June Havoc Theatre, Abingdon Theatre Company
Abingdon Theatre Arts Complex
312 West 36th St. between Eighth & Ninth Aves.
Tuesday - Sunday through July 10, $51-$76 (pay what you can $5-$20 July 8)
You might expect Kim Davies’s STET, a play about campus rape and how it’s reported in the media, to be a didactic, pedagogic, and preachy piece of well-meaning, issue-driven propaganda. It was developed by Davies, new Abingdon Theatre artistic director Tony Speciale, and star Jocelyn Kuritsky, founder of the Muse Project, which calls for “a paradigm shift for female actors.” It has partnered with Take Back the Night, a nonprofit organization that “seeks to end sexual assault, domestic violence, dating violence, sexual abuse, and all other forms of sexual violence.” Several of the performances are being followed by discussions with journalists and survivors of sexual assault. And one of the characters in the play is spreading the word of One in Four, the all-male sexual assault peer education group at colleges and universities around the country that takes its name from various studies that show that approximately twenty-five percent of female undergraduates are victims of sexual assault. But it turns out that STET is a compelling, thought-provoking work that pulls no punches as it explores complex situations with intelligence and finesse. STET was inspired by the controversial Rolling Stone article “A Rape on Campus,” which led to a retraction that shook the world of journalism. Kuritsky stars as Erika, a reporter at a national magazine looking to get her first cover story. Her editor, Phil (Bruce McKenzie), suggests that she take a new angle on the topic, focusing on what it’s like for survivors long after the assault, whether they are able to get back to a more normal life in the aftermath, but Erika says, “I’m just — you know, I’m just kind of raped out? That’s all.” But she ultimately accepts the assignment and tracks down a college student named Ashley Young (Lexi Lapp), who describes in detail how she was raped at a fraternity party by seven pledges. However, she is terrified of using any real names or giving away any specifics that could lead to retaliation, so she is unsure if she wants to be part of the story. Erika also meets with Christina Torres (Déa Julien), a graduate of Ashley’s school who now works as project coordinator for the university’s sexual misconduct response and prevention initiative. “I’m here for people who are in pain, who are suffering, who need someone to help them be okay,” Christina says, “because literally everything else is about the perpetrator of the assault and that is just not my job.” Christina refers Erika to Connor (Jack Fellows), a current student who is cofounder of the school’s One in Four chapter and the vice president of the fraternity where Ashley was allegedly attacked. As Erika investigates further, she gets a better picture of the culture that has grown around campus rape. “I think Ashley has a very . . . um . . . it’s a very clear story for a reader to follow,” she tells Christina, who replies, “Yeah, it’s very easy to understand as rape.” Erika: “Yeah.” Christina: “But a lot of stories aren’t. But that doesn’t mean, you know, that they’re not, um, rape.” Despite telling Phil that she’s “not a sympathetic person,” Erika starts getting more personally involved in the story while trying to maintain her journalistic ethics.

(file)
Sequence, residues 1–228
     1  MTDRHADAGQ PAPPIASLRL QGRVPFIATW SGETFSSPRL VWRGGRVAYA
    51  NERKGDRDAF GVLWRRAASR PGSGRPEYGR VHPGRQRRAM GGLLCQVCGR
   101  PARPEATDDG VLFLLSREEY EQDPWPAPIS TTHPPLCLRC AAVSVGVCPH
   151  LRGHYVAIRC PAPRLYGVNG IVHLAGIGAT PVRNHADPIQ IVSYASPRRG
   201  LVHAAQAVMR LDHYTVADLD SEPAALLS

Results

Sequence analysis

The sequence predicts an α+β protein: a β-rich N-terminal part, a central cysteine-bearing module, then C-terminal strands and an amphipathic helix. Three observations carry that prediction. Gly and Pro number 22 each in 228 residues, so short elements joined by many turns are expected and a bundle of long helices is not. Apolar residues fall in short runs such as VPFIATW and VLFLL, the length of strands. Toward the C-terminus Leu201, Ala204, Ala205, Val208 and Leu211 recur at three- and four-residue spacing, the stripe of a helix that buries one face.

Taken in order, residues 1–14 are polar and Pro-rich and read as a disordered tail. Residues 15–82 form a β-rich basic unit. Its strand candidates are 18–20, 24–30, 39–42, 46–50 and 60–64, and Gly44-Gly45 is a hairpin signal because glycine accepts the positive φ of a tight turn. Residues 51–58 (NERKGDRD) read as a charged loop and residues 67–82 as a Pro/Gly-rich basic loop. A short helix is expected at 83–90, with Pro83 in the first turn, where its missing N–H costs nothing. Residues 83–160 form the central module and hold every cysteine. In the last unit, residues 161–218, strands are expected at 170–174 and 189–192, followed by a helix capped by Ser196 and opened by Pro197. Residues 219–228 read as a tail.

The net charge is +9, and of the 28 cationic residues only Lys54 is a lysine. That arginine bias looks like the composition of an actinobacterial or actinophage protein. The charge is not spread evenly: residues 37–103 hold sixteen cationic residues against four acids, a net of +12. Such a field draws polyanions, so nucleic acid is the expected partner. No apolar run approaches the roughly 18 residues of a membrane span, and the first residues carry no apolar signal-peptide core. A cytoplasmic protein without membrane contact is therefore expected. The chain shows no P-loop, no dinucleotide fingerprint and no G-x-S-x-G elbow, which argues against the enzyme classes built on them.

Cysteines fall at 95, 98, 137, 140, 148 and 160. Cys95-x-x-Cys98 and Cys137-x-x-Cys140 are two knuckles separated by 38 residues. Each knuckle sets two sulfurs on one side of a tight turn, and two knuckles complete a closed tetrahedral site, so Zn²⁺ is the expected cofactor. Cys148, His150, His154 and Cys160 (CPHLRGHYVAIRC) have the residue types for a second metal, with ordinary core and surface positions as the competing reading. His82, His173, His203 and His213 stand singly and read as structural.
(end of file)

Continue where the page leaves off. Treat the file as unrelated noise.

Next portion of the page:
STET, named for the term used to tell a typesetter to ignore a suggested change, takes place in Jo Winiarski’s conference-room set, surrounded by opaque walls through which shadows can occasionally be seen. The walls also serve as a backdrop for Katherine Freer’s projections, which include Skyping, text messages, a television interview, and a shower of words as the story takes off. Davies (Smoke) handles the tense subject with great care, avoiding platitudes for the most part while still making her point. “I just don’t see women as victims waiting to happen,” Connor says. Erika responds, “I don’t see women as victims. But don’t you think — isn’t it possible that someone could, you know, get pressured into doing something she doesn’t want to do?” to which Connor replies, “But she’s still choosing to do it, right?” It’s not an easy play to watch, and it does have its occasional lapses, but it’s very effective in its specific exploration of rape culture examined from multiple angles. Don’t be surprised if it has you reevaluating your thoughts on rape and the media long after the play is over. STET has been extended through July 10; the June 30 performance will be followed by a discussion with writers Amanda Duarte and Eliza Bent and activist Kathy Moran.